Vanderbilt Securities Broker Steals From Clients

Your personal b.s. detector isn’t ‘broken;’ it never worked reliably in the first place.

It happens every day. Several times a day. A stockbroker convinces one of his customers that he’s identified a profitable investment. He describes it in glowing terms and gets the customer to agree to the purchase. The broker then sends the customer’s money to a company that he controls and spends the money on his own personal obligations. The SEC has caught another such character in Connecticut. According to the SEC’s release: (more…)

$25 for a Cheeseburger?!

They graduated from the Ivy League. They’ve got PhDs. They’ve earned every meaningful professional designation imaginable. How could they miss these things?

I remember listening to the Pretenders in the 70’s and 80’s, and I remember reading a Rolling Stone interview with the band’s lead singer, Chrissie Hynde. Talking about the hassle’s of the road, she recounted how, once people learned who they were, the price for everything would skyrocket.  The owner of one roadside diner decided that his $2.95 cheeseburger cost $25 the night the band stopped in for dinner. Last week, the SEC filed an enforcement action with parallels to that story. According to the SEC’s press release: (more…)

Accepting the Consequences

A woeful lack of due diligence by financial advisers will contribute to the loss of thousands of retirement nest eggs this year.

In June 2010, the SEC took emergency action to shut down a $105 million Ponzi scheme operated by Daniel Spitzer out of the Virgin Islands. Last week, the Commission filed an enforcement action against a Bucks County, Pennsylvania, financial adviser for alleged active participation with that scheme. According to the SEC’s press release: (more…)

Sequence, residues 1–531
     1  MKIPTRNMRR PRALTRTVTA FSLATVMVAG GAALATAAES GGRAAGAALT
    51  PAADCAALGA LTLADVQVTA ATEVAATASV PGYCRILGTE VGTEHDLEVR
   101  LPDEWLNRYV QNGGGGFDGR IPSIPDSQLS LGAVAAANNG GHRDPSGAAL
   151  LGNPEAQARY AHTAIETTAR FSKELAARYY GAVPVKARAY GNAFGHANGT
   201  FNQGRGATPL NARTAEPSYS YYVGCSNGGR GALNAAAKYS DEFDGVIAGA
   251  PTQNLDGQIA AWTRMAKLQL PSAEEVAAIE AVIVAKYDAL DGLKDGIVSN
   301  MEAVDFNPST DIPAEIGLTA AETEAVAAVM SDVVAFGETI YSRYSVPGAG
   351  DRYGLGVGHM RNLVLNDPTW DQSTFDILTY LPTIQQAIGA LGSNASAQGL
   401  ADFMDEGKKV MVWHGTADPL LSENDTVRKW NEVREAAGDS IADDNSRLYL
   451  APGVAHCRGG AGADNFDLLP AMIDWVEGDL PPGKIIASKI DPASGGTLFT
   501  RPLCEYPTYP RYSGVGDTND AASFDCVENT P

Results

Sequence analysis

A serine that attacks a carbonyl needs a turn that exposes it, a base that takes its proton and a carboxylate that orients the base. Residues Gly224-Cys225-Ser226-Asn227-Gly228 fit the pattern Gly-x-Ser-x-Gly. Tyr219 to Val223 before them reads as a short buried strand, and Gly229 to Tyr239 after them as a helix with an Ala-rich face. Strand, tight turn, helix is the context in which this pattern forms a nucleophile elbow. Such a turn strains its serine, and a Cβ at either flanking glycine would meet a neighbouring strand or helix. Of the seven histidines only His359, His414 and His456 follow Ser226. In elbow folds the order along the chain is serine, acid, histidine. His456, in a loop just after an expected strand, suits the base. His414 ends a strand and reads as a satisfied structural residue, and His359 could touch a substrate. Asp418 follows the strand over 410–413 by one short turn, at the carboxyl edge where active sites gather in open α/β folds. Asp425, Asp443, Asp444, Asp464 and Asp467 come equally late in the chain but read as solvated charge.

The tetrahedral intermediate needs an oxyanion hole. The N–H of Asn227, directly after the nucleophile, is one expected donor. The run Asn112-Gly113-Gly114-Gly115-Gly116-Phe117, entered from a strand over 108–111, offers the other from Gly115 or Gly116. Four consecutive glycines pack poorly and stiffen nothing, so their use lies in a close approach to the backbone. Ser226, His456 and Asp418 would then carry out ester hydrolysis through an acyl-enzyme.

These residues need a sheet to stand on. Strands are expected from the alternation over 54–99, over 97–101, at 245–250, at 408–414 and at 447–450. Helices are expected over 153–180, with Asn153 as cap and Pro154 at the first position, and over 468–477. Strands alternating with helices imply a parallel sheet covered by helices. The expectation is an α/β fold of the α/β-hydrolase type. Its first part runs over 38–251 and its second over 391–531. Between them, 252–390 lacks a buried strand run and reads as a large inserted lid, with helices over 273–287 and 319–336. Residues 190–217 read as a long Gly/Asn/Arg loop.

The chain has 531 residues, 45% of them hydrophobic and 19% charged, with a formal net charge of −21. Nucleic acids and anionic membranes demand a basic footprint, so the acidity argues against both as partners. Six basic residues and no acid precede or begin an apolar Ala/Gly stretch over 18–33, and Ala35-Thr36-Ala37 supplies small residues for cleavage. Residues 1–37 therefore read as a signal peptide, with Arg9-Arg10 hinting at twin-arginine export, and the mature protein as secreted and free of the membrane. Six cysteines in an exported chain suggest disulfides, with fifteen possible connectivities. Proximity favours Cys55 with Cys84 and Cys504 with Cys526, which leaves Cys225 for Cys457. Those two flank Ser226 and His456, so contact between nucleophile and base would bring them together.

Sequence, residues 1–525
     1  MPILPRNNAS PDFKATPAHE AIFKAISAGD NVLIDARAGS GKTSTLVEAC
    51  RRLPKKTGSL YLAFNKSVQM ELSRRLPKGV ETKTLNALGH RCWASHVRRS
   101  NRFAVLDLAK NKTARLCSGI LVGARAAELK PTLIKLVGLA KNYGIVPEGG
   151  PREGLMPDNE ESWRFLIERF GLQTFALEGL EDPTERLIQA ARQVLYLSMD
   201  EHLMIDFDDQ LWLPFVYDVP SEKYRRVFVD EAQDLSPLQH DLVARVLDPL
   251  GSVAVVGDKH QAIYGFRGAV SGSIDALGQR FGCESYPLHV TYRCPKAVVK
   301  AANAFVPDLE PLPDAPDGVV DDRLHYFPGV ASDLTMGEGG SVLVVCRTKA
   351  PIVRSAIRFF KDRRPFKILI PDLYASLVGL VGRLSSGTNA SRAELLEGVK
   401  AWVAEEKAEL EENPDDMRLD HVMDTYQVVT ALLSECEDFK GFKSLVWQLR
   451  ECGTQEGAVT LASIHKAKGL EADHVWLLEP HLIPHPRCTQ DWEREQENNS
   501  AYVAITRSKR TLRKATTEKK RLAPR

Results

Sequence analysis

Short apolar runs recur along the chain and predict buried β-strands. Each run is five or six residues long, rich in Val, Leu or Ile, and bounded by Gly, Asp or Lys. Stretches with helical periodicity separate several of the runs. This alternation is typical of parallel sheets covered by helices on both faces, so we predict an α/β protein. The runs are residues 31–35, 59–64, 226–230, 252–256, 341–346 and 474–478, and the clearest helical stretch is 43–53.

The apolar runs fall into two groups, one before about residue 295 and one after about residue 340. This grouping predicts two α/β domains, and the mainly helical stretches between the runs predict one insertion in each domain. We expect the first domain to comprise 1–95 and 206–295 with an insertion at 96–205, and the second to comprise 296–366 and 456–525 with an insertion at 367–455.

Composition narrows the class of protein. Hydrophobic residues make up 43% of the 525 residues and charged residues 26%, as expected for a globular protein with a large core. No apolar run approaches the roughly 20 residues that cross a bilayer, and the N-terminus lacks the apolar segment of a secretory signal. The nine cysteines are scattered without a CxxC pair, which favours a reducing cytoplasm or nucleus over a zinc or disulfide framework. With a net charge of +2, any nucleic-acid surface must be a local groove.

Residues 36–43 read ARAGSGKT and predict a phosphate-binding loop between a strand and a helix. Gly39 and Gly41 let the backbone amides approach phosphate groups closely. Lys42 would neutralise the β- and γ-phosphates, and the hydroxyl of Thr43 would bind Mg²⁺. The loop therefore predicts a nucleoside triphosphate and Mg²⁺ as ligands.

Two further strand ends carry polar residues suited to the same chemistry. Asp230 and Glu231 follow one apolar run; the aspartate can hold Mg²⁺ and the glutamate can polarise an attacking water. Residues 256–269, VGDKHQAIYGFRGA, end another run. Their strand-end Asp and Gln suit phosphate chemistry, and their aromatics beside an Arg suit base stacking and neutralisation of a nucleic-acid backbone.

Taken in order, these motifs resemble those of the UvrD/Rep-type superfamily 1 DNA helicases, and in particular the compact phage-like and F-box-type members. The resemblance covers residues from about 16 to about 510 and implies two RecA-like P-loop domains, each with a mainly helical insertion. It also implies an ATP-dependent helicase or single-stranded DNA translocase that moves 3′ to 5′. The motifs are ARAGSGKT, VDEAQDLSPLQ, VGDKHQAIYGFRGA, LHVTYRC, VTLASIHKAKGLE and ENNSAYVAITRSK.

Merrill Lynch Consents to Sanction for Cheating Muni Bond Investors

That such a finding is not newsworthy should speak volumes to you about the danger of the investing landscape.

There is so much misconduct in the securities industry that reporters have given up on covering all of it. And for a very practical reason; it would be like writing a story every time a driver was stopped for exceeding the speed limit on the local interstate. Sure, it’s a violation of the law, but it happens so often that they could write about nothing else. And so, a recent disciplinary action against Merrill Lynch by the Financial Industry Regulatory Authority (FINRA) didn’t warrant a mention. (more…)

Advice from Someone Who Knows

Taking the proper mental approach to an investigation will not come to you naturally.

Kent Burleson of Maryville, Tennessee, was a lineman and a splicer for AT&T. For thirty years he built up a nest egg sufficient to provide him with a comfortable retirement. When he retired, he entrusted that nest egg to Benchmark Capital, Inc. Reporter J.J. Kindred of The Daily Times has written a compelling account of what happened next. The entire story is well worth your time. For our purposes, we’ve copied excerpts below: (more…)

Call It a Loan

A thoroughly legal attempt to earn a profit for investors has nothing to fear from regulators.

Massachusetts Secretary of State William Galvin has filed Ponzi charges against a Belmont, Massachusetts man, alleging that his sale of promissory notes violated the anti-fraud provisions of the Massachusetts Securities Act. The defendant, John W. Cranney, is defending (he is innocent until proven guilty) by saying that the promissory notes were ordinary loans and not securities. According to boston.com: (more…)

Put Your Money On “Still Alive”

Word is that Price boarded a ferry from Key West and wasn’t on it when it docked.